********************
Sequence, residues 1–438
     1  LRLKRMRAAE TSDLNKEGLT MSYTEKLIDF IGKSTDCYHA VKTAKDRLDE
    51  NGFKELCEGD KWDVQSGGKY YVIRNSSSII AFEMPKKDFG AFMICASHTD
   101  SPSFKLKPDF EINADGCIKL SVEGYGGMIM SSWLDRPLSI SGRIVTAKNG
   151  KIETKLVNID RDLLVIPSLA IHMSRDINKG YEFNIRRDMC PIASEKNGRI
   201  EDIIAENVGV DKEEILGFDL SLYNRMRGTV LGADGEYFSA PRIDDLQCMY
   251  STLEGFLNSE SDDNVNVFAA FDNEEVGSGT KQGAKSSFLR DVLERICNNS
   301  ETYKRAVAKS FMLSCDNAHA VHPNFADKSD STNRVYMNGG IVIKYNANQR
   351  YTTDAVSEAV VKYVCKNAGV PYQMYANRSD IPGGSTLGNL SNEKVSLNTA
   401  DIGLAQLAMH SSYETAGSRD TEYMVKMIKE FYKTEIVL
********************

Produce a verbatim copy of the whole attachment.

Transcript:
Sequence, residues 1–438
     1  LRLKRMRAAE TSDLNKEGLT MSYTEKLIDF IGKSTDCYHA VKTAKDRLDE
    51  NGFKELCEGD KWDVQSGGKY YVIRNSSSII AFEMPKKDFG AFMICASHTD
   101  SPSFKLKPDF EINADGCIKL SVEGYGGMIM SSWLDRPLSI SGRIVTAKNG
   151  KIETKLVNID RDLLVIPSLA IHMSRDINKG YEFNIRRDMC PIASEKNGRI
   201  EDIIAENVGV DKEEILGFDL SLYNRMRGTV LGADGEYFSA PRIDDLQCMY
   251  STLEGFLNSE SDDNVNVFAA FDNEEVGSGT KQGAKSSFLR DVLERICNNS
   301  ETYKRAVAKS FMLSCDNAHA VHPNFADKSD STNRVYMNGG IVIKYNANQR
   351  YTTDAVSEAV VKYVCKNAGV PYQMYANRSD IPGGSTLGNL SNEKVSLNTA
   401  DIGLAQLAMH SSYETAGSRD TEYMVKMIKE FYKTEIVL